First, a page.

Schools


Stephen Hitchins highlights two schools leading the way in creating a nurturing learning environment with timeless, sustainable design


Antoine de Ruffi School, Marseille, France

A spectacular sculptural monolith with colonnades on the port side, a grand staircase on the city side, skewed geometric windows and colourful features, the Antoine de Ruffi school covers 4,100m2 and sits in a strategic spot at the entrance of the Euroméditerranée district. The school says its design relates to the architecture of the Euroméditerranée, a mini eco-city within the city and an urban regeneration project. It also takes notes from neighbouring concrete buildings and brutalist housing estates.

The playground is at the heart of the site. Image Credit: LUC BOEGLY
The playground is at the heart of the site. Image Credit: LUC BOEGLY

the school sits within the Euroméditerranée district. Image Credit: LUC BOEGLY
The school sits within the Euroméditerranée district. Image Credit: LUC BOEGLY

classrooms are designed to encourage young children to love learning. Image Credit: LUC BOEGLY
Classrooms are designed to encourage young children to love learning. Image Credit: LUC BOEGLY

It is surrounded by scattered warehouses, silos, soap factories, large-scale housing estates from the 1970s and, in the distance, the Massif de l’Etoile. The school comprises 22 classrooms, common and outdoor spaces, and teaches children between the ages of three and 11.

Classrooms are designed to encourage young children to love learning. Image Credit: LUC BOEGLYClassrooms are designed to encourage young children to love learning. Image Credit: LUC BOEGLY

The building is L-shaped in plan and was cast in situ using light-hued coquina-sand concrete. External walls are 1m thick. They combine thermal performance and massiveness to the two mineral facades. In their thickness, the deep embrasures provide the interior with useful voids for installing storage, work stations and water circulation. For the rest it is all healthy, sustainable and recyclable building materials and products, including bio-sourced larch from the Alps.

Concrete was chosen as it is believed to better suit the local climateConcrete was chosen as it is believed to better suit the local climate

Towards the west are the towers by Zaha Hadid and Jean Nouvel, as well as the continuous sweep of the highway viaduct. The tower in the background is a Hadid-designed office block for shipping firm CMA CGM.

Rajkumari Ratnavati Girls’ School, Rajastan, India

The oval form reflects local forts and represents female strength. Image Credit: VINAY PANJWANI
The oval form reflects local forts and represents female strength. Image Credit: VINAY PANJWANI

thick sandstone walls help to block heat. Image Credit: VINAY PANJWANI
Thick sandstone walls help to block heat. Image Credit: VINAY PANJWANI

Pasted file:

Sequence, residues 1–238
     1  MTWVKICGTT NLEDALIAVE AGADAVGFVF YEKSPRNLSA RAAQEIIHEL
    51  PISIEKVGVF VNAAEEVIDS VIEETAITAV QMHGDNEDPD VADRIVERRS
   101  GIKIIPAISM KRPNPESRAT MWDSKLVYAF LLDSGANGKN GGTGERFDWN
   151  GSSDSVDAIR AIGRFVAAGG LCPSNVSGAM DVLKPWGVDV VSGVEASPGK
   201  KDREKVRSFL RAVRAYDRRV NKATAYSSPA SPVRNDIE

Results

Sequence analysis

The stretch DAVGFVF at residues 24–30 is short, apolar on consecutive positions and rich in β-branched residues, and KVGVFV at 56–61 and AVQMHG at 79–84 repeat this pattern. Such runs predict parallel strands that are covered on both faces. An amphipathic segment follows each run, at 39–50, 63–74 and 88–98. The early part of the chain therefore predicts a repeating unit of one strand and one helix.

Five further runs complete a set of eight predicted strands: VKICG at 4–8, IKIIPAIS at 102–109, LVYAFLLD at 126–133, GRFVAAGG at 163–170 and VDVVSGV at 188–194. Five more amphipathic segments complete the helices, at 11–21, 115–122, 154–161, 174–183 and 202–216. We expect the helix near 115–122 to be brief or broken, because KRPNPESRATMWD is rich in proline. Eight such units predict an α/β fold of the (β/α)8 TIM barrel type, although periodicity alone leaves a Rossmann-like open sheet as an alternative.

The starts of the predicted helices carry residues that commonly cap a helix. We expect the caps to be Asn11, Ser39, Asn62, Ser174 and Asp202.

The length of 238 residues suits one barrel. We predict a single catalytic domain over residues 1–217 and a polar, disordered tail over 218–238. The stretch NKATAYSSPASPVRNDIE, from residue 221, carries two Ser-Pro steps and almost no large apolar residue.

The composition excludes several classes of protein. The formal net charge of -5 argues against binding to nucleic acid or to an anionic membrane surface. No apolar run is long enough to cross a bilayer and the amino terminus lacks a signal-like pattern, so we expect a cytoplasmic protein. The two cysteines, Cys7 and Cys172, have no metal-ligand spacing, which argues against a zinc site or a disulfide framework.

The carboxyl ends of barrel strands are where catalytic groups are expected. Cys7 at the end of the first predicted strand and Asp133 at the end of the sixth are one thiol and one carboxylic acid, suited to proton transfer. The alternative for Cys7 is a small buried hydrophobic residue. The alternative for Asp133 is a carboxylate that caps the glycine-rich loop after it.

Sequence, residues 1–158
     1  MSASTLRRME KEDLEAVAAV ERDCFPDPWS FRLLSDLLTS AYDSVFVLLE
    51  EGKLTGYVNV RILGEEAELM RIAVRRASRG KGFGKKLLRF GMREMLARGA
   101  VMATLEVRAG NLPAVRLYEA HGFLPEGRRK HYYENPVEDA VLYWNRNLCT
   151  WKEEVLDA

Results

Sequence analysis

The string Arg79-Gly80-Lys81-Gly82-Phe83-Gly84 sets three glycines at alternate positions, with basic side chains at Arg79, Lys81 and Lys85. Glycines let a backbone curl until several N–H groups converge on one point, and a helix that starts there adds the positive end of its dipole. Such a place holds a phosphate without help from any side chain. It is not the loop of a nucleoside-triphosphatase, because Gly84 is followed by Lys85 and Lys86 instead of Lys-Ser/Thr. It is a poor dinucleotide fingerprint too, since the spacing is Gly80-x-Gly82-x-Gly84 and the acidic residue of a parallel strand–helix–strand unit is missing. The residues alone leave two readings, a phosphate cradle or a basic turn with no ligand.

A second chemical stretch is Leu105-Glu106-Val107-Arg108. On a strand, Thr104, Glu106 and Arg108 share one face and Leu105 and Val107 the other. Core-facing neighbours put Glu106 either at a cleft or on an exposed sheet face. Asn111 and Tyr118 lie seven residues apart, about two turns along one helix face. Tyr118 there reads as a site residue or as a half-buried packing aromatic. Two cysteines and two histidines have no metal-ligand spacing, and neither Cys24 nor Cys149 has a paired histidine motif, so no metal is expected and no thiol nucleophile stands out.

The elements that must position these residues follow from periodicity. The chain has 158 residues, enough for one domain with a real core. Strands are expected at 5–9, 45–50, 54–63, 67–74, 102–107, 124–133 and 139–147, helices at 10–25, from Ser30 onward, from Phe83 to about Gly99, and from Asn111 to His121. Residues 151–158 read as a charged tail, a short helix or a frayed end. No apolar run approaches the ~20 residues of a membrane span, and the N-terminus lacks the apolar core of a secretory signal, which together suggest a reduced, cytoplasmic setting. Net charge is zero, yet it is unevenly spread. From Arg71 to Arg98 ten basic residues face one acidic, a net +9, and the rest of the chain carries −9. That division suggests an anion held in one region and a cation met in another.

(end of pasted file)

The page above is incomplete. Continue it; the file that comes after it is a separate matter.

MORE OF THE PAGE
An architectural marvel located in the Thar Desert region in Rajasthan in the north-west of India, very near the Pakistan frontier, the Rajkumari Ratnavati Girls’ School was built to educate and teach over 400 girls between the ages of five and 16. The oval-shaped, fort-like structure covers 836m2 and is made from local Jaisalmer sandstone that blends into and grows out of the landscape. A ramp between the perforated walls forms a shaded corridor that leads up an elevated walkway to the roof. The building maximises the breeze (temperatures peak close to 49ºC), water harvesting systems collect and recycle rainwater throughout the school, solar panels supply energy to lights and fans are fitted to a steel structure on the roof, which doubles as a shaded canopy area and playscape for the children.

lattice stonework also helps cool the building. Image Credit: VINAY PANJWANI
Lattice stonework also helps cool the building. Image Credit: VINAY PANJWANI

all the building materials are from the region, supporting local craftspeople, including some of the girls’ fathers. Image Credit: VINAY PANJWANIAll the building materials are from the region, supporting local craftspeople, including some of the girls’ fathers. Image Credit: VINAY PANJWANI

The perforated parapet that surrounds the exterior of the walkway tapers in height. Its design is a reinterpretation of latticed jali screens, which are traditionally used to provide privacy. Wooden doors lead from the courtyard through to a computer centre and a collection of ten classrooms linked by a series of winding corridors. Clerestory openings in the classrooms create a dappled light effect throughout the day and allow for natural ventilation.

all the building materials are from the region, supporting local craftspeople, including some of the girls’ fathers. Image Credit: VINAY PANJWANIAll the building materials are from the region, supporting local craftspeople, including some of the girls’ fathers. Image Credit: VINAY PANJWANI

The roof is topped with mosaic tiles made from recycled ceramic and is used as a playground
The roof is topped with mosaic tiles made from recycled ceramic and is used as a playground. Image Credit: VINAY PANJWANI

The school will be the first in a complex of three buildings known as the GYAAN Center, which will also consist of The Medha, a performance and art exhibition space with a library and museum, and The Women’s Cooperative, where local artisans will teach mothers and other women weaving and embroidery techniques from the region. Both will be designed by New York City-based Diana Kellogg Architects.








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